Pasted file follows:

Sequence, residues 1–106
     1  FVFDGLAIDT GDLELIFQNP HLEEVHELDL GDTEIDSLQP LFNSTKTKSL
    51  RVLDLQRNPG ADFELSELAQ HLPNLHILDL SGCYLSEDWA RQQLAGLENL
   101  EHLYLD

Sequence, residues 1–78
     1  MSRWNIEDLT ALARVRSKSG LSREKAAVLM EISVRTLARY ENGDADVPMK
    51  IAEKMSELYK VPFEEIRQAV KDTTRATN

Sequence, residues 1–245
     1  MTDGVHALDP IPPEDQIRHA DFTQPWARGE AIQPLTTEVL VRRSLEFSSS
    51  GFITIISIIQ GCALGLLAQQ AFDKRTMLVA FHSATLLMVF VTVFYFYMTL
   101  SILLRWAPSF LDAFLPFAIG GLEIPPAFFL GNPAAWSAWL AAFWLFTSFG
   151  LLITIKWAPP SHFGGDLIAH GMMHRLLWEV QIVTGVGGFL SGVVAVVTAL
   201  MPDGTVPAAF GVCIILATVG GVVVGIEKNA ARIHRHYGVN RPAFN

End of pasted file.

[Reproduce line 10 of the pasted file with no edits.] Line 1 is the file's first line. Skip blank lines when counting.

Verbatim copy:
    51  GFITIISIIQ GCALGLLAQQ AFDKRTMLVA FHSATLLMVF VTVFYFYMTL